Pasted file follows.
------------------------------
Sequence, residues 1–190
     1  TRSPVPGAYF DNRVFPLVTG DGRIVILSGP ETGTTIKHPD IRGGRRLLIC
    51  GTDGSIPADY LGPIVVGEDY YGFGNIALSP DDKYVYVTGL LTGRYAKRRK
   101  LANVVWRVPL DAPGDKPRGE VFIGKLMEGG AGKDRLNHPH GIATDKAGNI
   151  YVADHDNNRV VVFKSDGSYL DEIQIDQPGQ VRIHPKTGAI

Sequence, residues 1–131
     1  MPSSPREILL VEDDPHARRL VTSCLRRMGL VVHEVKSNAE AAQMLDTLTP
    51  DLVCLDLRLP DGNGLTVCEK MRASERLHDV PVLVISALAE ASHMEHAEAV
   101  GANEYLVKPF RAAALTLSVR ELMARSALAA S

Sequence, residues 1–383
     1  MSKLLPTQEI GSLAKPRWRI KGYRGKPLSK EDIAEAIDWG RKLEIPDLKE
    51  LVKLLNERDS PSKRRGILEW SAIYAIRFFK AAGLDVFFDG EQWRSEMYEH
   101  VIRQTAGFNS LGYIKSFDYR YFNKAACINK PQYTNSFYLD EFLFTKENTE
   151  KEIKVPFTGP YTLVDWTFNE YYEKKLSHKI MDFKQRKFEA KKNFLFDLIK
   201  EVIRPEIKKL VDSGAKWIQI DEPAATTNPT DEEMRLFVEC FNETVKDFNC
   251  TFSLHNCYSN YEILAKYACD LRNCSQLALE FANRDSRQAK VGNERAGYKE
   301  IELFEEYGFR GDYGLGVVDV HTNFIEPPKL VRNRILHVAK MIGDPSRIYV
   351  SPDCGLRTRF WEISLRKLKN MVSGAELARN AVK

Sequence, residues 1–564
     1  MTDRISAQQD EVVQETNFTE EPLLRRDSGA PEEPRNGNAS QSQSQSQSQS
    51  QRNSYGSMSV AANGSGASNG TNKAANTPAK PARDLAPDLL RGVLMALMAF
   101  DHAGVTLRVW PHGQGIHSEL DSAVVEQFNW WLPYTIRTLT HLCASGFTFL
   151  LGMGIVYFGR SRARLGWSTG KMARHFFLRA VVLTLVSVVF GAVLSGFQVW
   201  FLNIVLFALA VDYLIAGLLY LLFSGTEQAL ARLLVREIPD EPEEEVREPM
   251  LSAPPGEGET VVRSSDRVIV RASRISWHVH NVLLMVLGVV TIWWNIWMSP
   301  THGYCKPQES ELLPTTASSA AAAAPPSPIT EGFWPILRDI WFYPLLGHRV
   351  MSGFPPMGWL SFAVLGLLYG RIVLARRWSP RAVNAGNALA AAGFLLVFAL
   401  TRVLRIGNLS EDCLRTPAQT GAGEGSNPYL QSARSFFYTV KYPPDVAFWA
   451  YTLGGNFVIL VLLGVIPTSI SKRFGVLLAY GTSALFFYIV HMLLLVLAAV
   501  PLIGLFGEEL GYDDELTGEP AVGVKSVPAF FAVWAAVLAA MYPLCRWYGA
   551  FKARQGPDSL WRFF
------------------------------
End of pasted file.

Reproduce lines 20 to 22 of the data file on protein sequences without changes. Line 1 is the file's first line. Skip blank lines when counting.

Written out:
     1  MTDRISAQQD EVVQETNFTE EPLLRRDSGA PEEPRNGNAS QSQSQSQSQS
    51  QRNSYGSMSV AANGSGASNG TNKAANTPAK PARDLAPDLL RGVLMALMAF
   101  DHAGVTLRVW PHGQGIHSEL DSAVVEQFNW WLPYTIRTLT HLCASGFTFL